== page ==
God willing, I’ll find my own way
down to the rust caverns, down to the dust
and seared calcite, stressed and cleaved,
And God willing I will make a trance
of us, a Pan of us, all musics, impromptus
and guile. God willing.
And God willing we will take the rain
in our teeth, shatter on the brink of us,
barrel into the wall of us and bleed laughing.
And God willing we will cast the first fist
at the faceless faiths, bent as clay,
that engender the hates of hedons
and lusts that only skins abide.
For there is no god, God willing,
that will seek to stem the strides of us,
loose in the hills and running,
loose in the hills and ripping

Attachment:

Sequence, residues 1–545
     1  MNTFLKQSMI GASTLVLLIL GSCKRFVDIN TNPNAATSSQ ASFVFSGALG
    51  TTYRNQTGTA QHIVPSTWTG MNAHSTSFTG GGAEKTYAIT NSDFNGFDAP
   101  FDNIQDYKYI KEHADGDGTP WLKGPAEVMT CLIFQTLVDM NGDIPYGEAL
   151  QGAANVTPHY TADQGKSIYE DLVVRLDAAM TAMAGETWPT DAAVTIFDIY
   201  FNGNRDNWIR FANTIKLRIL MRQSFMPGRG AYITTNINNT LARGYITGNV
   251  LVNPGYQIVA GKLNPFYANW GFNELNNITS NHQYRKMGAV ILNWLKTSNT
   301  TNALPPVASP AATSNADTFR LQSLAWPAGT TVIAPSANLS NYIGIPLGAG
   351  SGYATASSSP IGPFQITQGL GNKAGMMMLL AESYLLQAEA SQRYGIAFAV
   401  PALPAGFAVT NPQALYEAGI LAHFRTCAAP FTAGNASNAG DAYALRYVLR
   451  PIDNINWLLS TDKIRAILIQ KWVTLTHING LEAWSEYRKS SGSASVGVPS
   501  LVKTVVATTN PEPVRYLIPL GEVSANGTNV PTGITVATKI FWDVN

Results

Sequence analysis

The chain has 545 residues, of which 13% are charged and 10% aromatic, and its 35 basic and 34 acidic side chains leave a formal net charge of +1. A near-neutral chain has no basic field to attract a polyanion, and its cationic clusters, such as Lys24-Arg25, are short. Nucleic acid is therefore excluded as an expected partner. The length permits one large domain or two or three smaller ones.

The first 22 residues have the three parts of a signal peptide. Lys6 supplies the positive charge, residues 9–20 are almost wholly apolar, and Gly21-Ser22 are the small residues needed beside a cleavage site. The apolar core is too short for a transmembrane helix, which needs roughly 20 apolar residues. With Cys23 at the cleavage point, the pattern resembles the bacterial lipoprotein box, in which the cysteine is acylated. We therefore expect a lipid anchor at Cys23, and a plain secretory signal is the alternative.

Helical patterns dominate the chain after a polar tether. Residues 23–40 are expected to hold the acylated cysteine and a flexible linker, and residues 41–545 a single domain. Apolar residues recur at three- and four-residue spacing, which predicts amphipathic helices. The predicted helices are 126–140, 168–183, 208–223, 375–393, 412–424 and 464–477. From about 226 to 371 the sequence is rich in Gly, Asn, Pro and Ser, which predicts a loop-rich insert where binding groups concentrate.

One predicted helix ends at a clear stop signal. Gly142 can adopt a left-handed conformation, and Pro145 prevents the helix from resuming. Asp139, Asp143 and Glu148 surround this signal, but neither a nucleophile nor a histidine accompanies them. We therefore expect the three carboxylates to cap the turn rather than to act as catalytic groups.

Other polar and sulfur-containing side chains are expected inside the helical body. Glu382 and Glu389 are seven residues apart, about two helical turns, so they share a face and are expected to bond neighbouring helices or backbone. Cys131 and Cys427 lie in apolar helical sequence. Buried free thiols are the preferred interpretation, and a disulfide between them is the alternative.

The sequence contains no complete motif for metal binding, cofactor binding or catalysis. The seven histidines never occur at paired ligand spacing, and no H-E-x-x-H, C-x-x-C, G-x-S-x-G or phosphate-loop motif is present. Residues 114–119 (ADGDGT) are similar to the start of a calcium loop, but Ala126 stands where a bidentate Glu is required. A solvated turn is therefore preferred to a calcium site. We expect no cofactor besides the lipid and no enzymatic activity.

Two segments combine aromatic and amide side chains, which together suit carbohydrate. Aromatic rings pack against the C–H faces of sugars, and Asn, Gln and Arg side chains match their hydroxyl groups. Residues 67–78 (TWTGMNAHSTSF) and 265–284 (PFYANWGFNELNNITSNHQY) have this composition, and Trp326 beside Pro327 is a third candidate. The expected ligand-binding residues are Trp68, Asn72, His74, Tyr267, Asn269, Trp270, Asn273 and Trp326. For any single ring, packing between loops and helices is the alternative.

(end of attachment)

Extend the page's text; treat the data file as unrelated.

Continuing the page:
our flesh in the brambles,
cloven and jagged.
Image: Tadeusz Lakota on Unsplash
I really enjoyed this poem – the poet eloquently scotching any and all suggestions that this beautiful world is anyone’s aside from its mortal occupants, walking tall in their knowledge that every thorn in every bush is part of their domain.
Thank you, Peter. So happy to hear from you. And thank you for getting the clench-jawed repetition of “God willing”. I was hoping that this wouldn’t be read as a statement of faith.